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Fang Lizhi
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    (February 12, 1936-April 6, 2012)
    Born in Beijing, China
    Chinese astrophysicist and political dissident
    Expelled from the Chinese Communist Party for organizing student protests (1987)
    Following the Tienamen Square protests and subsequent crackdown, took refuge in the US embassy for over a year (June 5, 1989-June 25, 1990)
    Allowed to leave China, ostensibly on medical grounds
    Became a Professor of Physics at the University of Arizona
    Wrote 'Bringing Down the Wall: Writings on Science, Culture and Democracy in China' (1991)
    Received the Robert F. Kennedy Human Rights Award (1989)
    While stuck at the US embassy, he complained, 'I am an astrophysicist and yet I cannot see the sky.' (An inconvenience to be sure, but considering what was happening to other dissidents -- jail, execution, getting run over by tanks -- he was getting off easy.)
    He was allowed to leave China essentially as the result of bribery: the Japanese government indicated it would resume making loans to China if 'the Fang Lizhi problem' were solved.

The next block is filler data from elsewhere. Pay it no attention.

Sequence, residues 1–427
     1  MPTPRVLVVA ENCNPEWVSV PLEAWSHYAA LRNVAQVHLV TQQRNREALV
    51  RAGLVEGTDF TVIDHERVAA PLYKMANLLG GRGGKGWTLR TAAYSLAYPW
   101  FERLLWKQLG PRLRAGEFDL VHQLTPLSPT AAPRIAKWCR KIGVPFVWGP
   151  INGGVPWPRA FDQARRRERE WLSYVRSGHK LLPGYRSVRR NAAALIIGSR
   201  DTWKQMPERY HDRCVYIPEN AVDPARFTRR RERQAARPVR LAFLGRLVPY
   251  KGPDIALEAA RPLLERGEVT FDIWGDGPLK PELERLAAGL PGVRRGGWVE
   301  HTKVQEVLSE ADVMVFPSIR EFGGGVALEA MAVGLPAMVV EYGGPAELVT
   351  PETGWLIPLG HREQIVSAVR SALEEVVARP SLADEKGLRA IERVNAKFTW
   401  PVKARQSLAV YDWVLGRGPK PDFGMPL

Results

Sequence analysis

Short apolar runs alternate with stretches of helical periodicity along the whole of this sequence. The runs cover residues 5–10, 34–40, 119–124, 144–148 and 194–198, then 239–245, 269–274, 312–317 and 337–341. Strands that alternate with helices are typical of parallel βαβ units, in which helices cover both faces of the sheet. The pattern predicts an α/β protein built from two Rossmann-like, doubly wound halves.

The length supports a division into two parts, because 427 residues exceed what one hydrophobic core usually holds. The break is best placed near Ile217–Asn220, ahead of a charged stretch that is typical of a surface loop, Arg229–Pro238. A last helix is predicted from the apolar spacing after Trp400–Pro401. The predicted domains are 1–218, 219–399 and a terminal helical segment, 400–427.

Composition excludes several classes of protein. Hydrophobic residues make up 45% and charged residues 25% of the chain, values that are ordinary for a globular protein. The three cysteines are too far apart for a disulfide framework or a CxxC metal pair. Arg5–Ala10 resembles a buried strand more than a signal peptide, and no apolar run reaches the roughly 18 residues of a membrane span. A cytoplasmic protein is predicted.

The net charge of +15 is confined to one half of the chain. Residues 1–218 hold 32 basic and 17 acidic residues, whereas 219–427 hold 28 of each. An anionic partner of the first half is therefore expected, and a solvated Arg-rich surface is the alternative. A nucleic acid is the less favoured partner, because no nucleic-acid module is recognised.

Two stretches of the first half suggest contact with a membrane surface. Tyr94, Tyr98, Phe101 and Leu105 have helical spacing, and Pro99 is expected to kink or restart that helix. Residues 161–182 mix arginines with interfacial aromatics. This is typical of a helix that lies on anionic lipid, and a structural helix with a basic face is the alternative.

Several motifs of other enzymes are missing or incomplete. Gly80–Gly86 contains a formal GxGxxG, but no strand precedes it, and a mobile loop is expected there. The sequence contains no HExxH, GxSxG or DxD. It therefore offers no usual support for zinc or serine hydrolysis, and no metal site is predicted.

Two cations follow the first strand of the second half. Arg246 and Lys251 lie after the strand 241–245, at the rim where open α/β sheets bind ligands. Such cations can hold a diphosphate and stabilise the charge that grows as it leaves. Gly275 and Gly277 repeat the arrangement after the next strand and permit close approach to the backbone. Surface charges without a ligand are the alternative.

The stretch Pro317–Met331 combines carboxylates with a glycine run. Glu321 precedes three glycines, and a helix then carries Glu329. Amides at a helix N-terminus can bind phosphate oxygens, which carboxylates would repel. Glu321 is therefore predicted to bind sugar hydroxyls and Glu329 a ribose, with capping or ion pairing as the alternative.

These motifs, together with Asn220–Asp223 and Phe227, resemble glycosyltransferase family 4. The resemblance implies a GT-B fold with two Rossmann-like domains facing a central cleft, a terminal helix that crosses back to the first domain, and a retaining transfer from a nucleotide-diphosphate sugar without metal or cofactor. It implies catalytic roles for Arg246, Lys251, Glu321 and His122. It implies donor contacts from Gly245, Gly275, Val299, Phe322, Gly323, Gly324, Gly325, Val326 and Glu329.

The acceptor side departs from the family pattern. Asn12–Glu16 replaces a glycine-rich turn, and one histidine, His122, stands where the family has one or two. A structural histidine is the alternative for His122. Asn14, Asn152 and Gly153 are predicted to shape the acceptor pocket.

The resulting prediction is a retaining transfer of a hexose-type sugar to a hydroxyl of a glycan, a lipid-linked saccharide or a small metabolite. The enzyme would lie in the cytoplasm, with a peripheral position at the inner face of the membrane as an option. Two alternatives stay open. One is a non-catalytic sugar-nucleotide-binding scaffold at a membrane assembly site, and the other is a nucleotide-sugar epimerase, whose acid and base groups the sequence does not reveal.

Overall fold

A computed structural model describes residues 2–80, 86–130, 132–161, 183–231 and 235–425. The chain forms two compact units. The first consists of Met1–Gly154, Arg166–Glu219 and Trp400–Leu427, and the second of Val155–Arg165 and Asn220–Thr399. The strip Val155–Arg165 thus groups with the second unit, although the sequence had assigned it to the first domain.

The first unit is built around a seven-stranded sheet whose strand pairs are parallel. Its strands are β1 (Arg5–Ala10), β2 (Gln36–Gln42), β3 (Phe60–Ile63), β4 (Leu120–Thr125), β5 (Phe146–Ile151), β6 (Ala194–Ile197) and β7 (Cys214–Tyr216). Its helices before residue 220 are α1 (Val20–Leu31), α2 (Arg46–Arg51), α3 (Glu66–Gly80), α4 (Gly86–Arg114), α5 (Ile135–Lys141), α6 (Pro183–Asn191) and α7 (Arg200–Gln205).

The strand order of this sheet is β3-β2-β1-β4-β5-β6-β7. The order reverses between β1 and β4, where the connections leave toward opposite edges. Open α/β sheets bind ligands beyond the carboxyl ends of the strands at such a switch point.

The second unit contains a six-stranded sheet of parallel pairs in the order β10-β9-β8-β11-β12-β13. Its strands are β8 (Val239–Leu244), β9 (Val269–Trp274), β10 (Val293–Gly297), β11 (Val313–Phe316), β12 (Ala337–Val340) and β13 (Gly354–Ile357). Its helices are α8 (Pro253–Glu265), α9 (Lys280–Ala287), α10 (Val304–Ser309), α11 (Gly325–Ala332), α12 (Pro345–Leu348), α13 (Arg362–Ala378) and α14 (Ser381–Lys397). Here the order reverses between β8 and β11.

After arriving in the West, he ticked off his former host, the American ambassador to China, by accusing the US of holding China to a lower human rights standard over its treatment of political dissidents than it applied to the Soviet Union.
    He was admitted to Beijing University at age 16.
    While at the school, he took over a meeting of the Young Communists League to encourage students to think independently instead of accepting party dogma.
    During the Cultural Revolution of the 60s, he was imprisoned for a year for criticizing science education in China.
    He got into trouble in the early 70s by introducing the Big Bang theory into Chinese physics. (The Big Bang was considered taboo for violating Friederich Engels's declaration that the universe is infinite in time and space.)
    He was one of the main inspirations for the pro-democracy movement among students in the late 80s.

Credit: C. Fishel

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